Werner Sombart


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Sombart, Werner

 

Born Jan. 19, 1863, in Ermsleben, Harz; died May 18, 1941, in Berlin. German economist, sociologist, and historian. Philosopher of culture. Student of G. von Schmoller. Professor at the universities of Breslau (1890) and Berlin (1906).

Sombart’s early works demonstrated the influence of Marxism, but he later opposed historical materialism and the economic teachings of K. Marx. His works are primarily devoted to the economic history of Western Europe, specifically the rise of capitalism (he collected enormous amounts of factual material) and problems of socialism and social movements. Attempting to unite the study of economics and theoretical explanations of social life, Sombart developed a concept of “an economic system” as a certain integral phenomenon giving rise to specific economic institutions and representing an expression of the “spirit” of a society (Sombart identifies the concepts of spirit and society).

Sombart attempted to establish his own theory of primary accumulation, introducing the accumulation of feudal land rent as a primary source of the accumulation of capital. Beginning in the 1920’s, Sombart’s ideas were used by reactionary political circles in Germany.

WORKS

Noo-Soziologie. Berlin, 1956.
Studien zur Entwicklungsgeschichte des modernen Kapitalismus, vols. 1–2. Munich-Leipzig, 1913.
Die Zukunft des Kapitalismus. Berlin, 1932.
Deutscher Sozialismus. Berlin, 1934.
In Russian translation:
Sotsializm i sotsial’noe dvizhenie v 19 stoletii. St. Petersburg, 1902.
Khudozhestvennaia promyshlennosr’ i kul’ tura. St. Petersburg [no date].
Idealy sotsial’noi politiki. St. Petersburg, 1906.
Burzhua. Moscow, 1924.
Narodnoe khoziaistvo v Germanii v 19 iv nach. 20 v. Moscow, 1924.

REFERENCE

Lunacharskii, A. V. “Zombart o dushe burzhua.” In his book Meshchanstvo i individualism. Moscow-Petrograd, 1923. Pages 202–23.

TS. G. ARZAKAN’IAN and B. T. GRIGOR’IAN

References in periodicals archive ?
It can also be seen as a reaction to Werner Sombart, whose book Juden und das Wirtschaftsleben Schnitzler was reading in 1911--the same time that he was working on Professor Bernhardi.
During the first conference of the German Society for Sociology (Deutsche Gesellschaft fur Soziologie) that was held in Frankfurt in 1910, Werner Sombart gave one of the speeches.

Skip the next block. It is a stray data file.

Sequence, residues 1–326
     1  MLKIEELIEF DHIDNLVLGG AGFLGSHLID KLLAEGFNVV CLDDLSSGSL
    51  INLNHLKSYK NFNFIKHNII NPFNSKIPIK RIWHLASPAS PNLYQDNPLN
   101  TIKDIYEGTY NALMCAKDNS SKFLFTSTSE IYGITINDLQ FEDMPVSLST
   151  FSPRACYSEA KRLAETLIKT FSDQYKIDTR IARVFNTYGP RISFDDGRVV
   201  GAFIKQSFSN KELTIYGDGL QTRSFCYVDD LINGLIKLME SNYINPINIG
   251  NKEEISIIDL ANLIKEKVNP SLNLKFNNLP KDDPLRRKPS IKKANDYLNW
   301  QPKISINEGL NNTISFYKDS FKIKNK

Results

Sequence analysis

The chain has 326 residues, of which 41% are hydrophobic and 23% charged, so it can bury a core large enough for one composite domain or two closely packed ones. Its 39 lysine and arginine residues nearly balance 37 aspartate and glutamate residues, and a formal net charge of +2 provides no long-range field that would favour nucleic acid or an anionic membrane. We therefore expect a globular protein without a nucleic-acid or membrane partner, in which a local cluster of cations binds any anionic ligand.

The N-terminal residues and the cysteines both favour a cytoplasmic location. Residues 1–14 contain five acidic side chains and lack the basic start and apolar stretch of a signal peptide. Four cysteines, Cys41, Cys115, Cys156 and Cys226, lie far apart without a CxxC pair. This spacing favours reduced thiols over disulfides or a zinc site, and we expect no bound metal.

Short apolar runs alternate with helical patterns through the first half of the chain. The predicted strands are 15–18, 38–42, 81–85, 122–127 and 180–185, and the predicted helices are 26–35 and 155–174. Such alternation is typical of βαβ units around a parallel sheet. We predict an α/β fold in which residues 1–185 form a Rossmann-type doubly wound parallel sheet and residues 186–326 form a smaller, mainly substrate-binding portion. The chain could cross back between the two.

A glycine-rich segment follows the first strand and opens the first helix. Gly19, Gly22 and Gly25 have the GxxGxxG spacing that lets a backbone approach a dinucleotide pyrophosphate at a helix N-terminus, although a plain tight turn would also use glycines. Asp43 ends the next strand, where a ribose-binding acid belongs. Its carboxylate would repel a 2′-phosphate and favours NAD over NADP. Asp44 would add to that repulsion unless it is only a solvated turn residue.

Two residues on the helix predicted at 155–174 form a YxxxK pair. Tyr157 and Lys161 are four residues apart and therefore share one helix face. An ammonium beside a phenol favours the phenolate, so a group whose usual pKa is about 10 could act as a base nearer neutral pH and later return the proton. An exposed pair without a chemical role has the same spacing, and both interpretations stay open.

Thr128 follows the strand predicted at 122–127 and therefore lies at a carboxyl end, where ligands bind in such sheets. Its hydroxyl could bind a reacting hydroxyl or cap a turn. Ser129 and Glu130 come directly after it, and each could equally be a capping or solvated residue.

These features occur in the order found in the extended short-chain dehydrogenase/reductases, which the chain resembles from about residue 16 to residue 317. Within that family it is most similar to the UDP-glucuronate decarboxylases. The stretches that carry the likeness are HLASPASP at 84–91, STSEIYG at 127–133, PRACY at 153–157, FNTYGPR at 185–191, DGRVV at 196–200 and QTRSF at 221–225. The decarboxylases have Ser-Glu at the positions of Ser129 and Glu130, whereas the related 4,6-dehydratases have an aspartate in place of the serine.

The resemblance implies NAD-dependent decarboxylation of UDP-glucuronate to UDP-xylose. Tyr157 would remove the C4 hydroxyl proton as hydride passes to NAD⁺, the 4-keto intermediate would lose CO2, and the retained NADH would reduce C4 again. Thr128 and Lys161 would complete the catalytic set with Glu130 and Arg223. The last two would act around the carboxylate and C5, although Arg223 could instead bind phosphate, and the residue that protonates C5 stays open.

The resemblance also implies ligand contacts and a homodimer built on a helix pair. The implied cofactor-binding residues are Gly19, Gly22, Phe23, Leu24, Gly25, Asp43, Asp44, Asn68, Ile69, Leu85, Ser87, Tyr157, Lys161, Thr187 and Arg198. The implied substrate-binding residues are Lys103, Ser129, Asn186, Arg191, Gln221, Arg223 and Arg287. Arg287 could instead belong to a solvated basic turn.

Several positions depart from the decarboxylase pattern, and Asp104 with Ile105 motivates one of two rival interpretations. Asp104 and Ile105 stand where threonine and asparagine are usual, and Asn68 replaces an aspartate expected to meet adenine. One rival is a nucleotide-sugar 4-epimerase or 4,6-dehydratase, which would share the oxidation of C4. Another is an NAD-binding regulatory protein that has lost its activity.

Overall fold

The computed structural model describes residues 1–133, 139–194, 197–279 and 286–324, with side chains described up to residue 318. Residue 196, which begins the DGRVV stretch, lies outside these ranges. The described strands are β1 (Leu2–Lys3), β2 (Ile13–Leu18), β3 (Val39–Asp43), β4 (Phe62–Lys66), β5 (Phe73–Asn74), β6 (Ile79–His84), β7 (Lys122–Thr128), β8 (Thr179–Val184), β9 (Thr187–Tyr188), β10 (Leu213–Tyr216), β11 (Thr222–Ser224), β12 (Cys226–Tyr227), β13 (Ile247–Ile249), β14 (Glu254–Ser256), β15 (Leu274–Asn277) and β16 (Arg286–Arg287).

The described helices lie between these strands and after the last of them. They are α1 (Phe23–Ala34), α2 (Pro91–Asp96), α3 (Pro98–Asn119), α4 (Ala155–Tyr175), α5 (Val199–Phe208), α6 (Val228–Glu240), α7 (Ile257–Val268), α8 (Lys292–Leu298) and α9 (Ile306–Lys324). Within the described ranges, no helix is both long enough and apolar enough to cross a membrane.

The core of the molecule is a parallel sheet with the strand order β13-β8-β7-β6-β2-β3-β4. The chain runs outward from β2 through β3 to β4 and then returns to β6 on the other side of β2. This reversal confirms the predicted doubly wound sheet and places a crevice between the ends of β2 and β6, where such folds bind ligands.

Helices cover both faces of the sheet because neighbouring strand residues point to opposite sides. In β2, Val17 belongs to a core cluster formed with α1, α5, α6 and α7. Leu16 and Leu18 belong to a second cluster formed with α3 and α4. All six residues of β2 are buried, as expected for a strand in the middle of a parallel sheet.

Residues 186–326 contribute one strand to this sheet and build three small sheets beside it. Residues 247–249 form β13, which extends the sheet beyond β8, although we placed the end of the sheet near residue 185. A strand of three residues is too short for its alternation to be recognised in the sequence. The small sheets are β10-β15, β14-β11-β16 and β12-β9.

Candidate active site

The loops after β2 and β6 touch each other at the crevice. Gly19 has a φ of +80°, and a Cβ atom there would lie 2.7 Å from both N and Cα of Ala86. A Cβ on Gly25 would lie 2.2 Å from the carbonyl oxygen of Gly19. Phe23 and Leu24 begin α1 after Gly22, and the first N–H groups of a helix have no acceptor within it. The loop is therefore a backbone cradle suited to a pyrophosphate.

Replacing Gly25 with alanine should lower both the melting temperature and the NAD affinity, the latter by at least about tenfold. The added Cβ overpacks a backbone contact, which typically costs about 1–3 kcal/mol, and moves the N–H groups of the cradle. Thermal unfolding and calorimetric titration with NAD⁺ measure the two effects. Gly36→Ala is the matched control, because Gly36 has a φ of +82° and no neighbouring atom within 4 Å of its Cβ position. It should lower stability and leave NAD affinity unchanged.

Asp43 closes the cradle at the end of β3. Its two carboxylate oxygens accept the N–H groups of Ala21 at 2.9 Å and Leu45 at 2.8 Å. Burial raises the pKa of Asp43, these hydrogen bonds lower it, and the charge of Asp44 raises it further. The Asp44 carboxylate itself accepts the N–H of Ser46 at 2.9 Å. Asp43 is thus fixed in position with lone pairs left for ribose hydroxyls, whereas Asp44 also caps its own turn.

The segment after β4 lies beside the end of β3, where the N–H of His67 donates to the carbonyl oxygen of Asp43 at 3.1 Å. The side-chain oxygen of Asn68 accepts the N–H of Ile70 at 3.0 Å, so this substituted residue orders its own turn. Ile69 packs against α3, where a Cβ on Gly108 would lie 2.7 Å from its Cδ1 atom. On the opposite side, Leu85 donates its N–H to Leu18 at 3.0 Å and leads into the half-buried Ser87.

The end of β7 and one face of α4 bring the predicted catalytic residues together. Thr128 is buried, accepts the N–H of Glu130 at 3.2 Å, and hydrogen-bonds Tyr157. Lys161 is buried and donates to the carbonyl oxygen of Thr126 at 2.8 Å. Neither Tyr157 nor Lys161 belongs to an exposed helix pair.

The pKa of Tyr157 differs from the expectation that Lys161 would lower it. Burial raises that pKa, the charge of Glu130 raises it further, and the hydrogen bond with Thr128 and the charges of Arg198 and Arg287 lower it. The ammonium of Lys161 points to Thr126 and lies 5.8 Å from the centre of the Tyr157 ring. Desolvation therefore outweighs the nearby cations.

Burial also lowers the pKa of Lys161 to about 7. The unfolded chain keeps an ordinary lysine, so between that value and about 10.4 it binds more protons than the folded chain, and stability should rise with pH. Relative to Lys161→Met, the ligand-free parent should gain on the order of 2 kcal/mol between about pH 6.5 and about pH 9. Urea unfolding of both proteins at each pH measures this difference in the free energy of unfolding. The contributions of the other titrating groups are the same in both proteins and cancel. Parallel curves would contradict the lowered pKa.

To socialist Werner Sombart, whose book Handler und Helden ("Merchants and Heroes") appeared in 1915, the heroes were the German warriors, and the first World War was the welcome opportunity for the heroic German culture to triumph over the decadent commercial civilization of England.
The question of when and how capitalism got started in Europe is one of the more vexed questions in history, beginning at least with the writings of Max Weber and Werner Sombart.
JG-W: There was a German economist at the beginning of the 20th century called Werner Sombart, who I hadn't heard of before.
Over time, the Jews have acquired control over monetary assets and wealth in their communities; according to Werner Sombart, the interest-loan system is a gift from the Jews to Europe in the emergence of Western capitalism.
Desde una perspectiva mas economica que politico-moral, Manuel Vaquero Pineiro analiza la acumulacion y el empleo de riquezas en la curia pontificia de la Edad Moderna usando los paradigmas interpretativos de Max Weber e Werner Sombart.
De los textos antiliberales que exponian este punto de vista, el mas celebre es Handler und Helden de Werner Sombart (1863-1941).
The question haunting Kazin's study is the one first raised by the German scholar Werner Sombart, who famously asked why there was no socialism in America.
He held that late nineteenth-and early twentieth-century reactionary nationalist politicians followed a path laid by Otto von Bismarck in manipulating racialist antisemitism, aided by writers like Houston Stuart Chamberlain, Heinrich von Treistschke, and Werner Sombart.
Werner Sombart famously asserted that America is "the promised land of capitalism, where on the reefs of roast beef and apple pie socialist Utopias .
Werner Sombart, a German historical economist claimed, very rightly in my opinion, that "Fashion is capitalism's favourite child.